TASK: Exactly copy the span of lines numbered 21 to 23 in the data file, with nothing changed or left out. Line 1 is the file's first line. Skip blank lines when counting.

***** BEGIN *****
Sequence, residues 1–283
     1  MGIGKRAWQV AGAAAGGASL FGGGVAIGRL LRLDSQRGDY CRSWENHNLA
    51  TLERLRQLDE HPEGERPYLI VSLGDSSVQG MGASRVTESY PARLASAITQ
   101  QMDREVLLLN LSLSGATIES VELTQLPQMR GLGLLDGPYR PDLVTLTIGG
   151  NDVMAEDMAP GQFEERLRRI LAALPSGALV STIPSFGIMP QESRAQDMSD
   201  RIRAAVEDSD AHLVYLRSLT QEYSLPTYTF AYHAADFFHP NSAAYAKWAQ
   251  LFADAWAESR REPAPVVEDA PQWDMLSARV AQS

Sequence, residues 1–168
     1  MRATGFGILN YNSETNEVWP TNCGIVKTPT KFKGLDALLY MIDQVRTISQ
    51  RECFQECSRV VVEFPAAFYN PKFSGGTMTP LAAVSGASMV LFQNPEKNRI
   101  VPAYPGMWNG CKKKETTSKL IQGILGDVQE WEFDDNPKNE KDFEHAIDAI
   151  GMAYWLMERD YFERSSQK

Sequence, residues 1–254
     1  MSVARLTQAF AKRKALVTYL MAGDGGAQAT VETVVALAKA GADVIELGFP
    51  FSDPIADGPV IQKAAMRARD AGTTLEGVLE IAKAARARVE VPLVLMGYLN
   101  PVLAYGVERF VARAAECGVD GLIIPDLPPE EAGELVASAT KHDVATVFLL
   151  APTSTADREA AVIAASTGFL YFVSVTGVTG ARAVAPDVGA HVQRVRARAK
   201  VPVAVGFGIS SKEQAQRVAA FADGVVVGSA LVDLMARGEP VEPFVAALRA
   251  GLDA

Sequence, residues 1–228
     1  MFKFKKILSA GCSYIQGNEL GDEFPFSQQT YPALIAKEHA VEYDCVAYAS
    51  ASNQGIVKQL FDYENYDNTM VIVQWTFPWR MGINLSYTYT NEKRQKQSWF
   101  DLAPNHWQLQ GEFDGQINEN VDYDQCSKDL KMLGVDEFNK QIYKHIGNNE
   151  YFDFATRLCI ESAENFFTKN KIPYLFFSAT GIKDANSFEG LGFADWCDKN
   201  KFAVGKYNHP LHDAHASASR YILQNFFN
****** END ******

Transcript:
     1  MFKFKKILSA GCSYIQGNEL GDEFPFSQQT YPALIAKEHA VEYDCVAYAS
    51  ASNQGIVKQL FDYENYDNTM VIVQWTFPWR MGINLSYTYT NEKRQKQSWF
   101  DLAPNHWQLQ GEFDGQINEN VDYDQCSKDL KMLGVDEFNK QIYKHIGNNE